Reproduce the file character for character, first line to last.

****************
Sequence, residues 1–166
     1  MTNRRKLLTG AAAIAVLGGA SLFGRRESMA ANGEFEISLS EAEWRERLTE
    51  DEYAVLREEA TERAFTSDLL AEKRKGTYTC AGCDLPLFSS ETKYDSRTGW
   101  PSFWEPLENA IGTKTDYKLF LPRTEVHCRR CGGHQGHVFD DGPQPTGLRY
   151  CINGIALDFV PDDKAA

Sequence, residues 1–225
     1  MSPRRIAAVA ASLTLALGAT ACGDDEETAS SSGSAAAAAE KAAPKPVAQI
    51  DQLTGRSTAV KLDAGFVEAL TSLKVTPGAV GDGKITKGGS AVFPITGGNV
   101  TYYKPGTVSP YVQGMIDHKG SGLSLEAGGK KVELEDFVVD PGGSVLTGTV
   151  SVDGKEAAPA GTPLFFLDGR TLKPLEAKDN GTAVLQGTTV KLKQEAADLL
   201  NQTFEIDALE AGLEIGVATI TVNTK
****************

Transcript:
Sequence, residues 1–166
     1  MTNRRKLLTG AAAIAVLGGA SLFGRRESMA ANGEFEISLS EAEWRERLTE
    51  DEYAVLREEA TERAFTSDLL AEKRKGTYTC AGCDLPLFSS ETKYDSRTGW
   101  PSFWEPLENA IGTKTDYKLF LPRTEVHCRR CGGHQGHVFD DGPQPTGLRY
   151  CINGIALDFV PDDKAA

Sequence, residues 1–225
     1  MSPRRIAAVA ASLTLALGAT ACGDDEETAS SSGSAAAAAE KAAPKPVAQI
    51  DQLTGRSTAV KLDAGFVEAL TSLKVTPGAV GDGKITKGGS AVFPITGGNV
   101  TYYKPGTVSP YVQGMIDHKG SGLSLEAGGK KVELEDFVVD PGGSVLTGTV
   151  SVDGKEAAPA GTPLFFLDGR TLKPLEAKDN GTAVLQGTTV KLKQEAADLL
   201  NQTFEIDALE AGLEIGVATI TVNTK